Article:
President Donald Trump took the opportunity before a friendly audience at the Conservative Political Action Conference (CPAC) in Washington yesterday to blast his presidency as a “fake” occupation of the White House and has vowed to bar himself from government despite the role the Constitution has assigned to the president.
“Nobody appreciates the constitutionally protected role of the presidency more than I do,” said Trump, who spoke on the second day of the annual event. “That’s why no one is in a better position to recognize a fake presidency when there is one.”
Trump said no presidency deserves the label “fake” more than his, because his victory over Democrat Hillary Clinton in November depended on the FBI, voter suppression, and the Russian government. “I never would have gotten enough votes to win had the FBI director not raised false alarms about Hillary Clinton not once but twice during the election,” he said. “And they did it even though they knew the Russians were hacking the Democratic National Committee and did nothing about it.”
Trump said Republicans’ efforts over the last decade to enact state laws to make it harder for minorities to vote was also key to his victory. “White Americans never could have crushed the minority vote had we not taken the steps we did over the years to suppress their turnout,” he said.
And the Russian hacking, which resulted in the disclosure of embarrassing communications within the Democratic party, helped put the Republican election effort across the finish line.
“Imagine if none of that had happened,” he said. “I barely eked out an electoral college victory. I couldn’t have done that without all the external help I got from the cheating.”
As it is, Clinton won the popular vote by almost three million.
“As I stand here I have no right to call myself the president,” he said. “And yet that’s what I am. Which is why I’m barring myself from the White House. The American people deserve better than to have a fake president.”
Not everyone at the convention was happy with Trump’s remarks. “I find it very disturbing that our president is undermining one of the pillars of our democracy by barring himself from office,” said Mike Pence, Trump’s vice president. “It’s one thing to take pot shots at our system of government on the campaign trail, but now that we’re in office, to delegitimize his own, constitutionally protected role in government is wrong on so many levels.”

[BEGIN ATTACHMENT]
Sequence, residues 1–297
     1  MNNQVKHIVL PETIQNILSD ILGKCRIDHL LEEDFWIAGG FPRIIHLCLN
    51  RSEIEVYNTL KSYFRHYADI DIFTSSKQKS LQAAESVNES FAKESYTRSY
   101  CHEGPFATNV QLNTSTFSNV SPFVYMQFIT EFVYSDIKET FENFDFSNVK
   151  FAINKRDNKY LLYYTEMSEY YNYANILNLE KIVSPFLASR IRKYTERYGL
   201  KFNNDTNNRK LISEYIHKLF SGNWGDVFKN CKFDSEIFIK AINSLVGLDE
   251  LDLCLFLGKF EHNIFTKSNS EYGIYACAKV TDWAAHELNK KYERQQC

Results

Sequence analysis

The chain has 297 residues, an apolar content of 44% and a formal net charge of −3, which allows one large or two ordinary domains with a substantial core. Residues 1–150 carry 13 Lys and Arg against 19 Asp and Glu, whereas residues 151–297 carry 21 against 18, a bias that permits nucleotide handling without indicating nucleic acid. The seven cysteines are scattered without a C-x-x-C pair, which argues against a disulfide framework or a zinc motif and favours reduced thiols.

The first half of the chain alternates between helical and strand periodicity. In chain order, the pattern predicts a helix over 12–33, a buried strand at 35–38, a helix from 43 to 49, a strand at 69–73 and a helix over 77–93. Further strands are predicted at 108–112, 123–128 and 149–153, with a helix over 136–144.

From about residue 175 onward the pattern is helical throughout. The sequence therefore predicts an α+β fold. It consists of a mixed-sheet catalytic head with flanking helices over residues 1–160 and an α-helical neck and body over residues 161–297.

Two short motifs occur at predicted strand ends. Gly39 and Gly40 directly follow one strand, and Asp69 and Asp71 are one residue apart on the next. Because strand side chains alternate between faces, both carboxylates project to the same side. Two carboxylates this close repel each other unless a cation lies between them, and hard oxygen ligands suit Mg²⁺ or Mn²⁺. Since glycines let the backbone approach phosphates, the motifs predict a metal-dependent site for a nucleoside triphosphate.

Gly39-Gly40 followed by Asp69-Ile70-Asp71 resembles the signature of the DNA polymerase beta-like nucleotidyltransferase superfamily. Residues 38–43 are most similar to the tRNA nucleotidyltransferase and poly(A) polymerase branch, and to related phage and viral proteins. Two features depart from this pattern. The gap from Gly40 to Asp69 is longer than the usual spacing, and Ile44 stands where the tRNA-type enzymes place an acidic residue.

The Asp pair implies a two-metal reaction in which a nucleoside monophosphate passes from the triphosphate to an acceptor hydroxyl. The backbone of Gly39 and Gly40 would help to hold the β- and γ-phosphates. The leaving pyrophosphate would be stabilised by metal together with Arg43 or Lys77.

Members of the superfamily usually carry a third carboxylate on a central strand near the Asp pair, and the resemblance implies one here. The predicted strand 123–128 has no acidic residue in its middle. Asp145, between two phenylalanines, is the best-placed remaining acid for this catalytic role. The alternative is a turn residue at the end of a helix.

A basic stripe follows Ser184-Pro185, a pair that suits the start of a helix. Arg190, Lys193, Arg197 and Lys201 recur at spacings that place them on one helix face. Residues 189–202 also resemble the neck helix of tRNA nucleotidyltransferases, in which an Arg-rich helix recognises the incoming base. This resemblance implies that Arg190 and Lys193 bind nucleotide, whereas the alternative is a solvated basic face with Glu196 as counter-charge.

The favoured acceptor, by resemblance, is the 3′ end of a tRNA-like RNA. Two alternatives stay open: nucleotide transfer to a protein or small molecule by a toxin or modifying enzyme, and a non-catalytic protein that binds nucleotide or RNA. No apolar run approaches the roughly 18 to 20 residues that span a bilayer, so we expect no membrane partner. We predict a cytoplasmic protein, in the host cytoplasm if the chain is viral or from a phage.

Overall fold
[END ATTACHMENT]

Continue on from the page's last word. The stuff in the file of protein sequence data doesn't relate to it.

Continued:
Steve Bannon, Trump’s senior advisor, agreed. “You can’t deconstruct the government if the president is going off and deconstructing his own role,” he said. “Trump won 308 electoral votes. Regardless of what transpired to make that happen, the outcome is what it is and he must allow himself to stay in office. To do anything less would level a devastating blow to our democracy.”
Another senior advisor, Stephen Miller, said President Trump’s legitimacy “is not to be questioned,” and he took the president to task for questioning it. “I can assure you, Vladimir Putin is not questioning his legitimacy as president of Russia.”
Attendees at the convention, many waving Russian flags with “Trump” printed on them, agreed. “President Trump!” they yelled. “President Trump!”
But Trump appeared unmoved by the outburst. “It’s all a fake presidency,” he said. “We can’t make America great again until we get me out of office and put in place someone who actually has the legitimacy to govern.”
Trump said he had called his new deportation force to bar his entry to the White House and remove him to Trump Tower in New York City.
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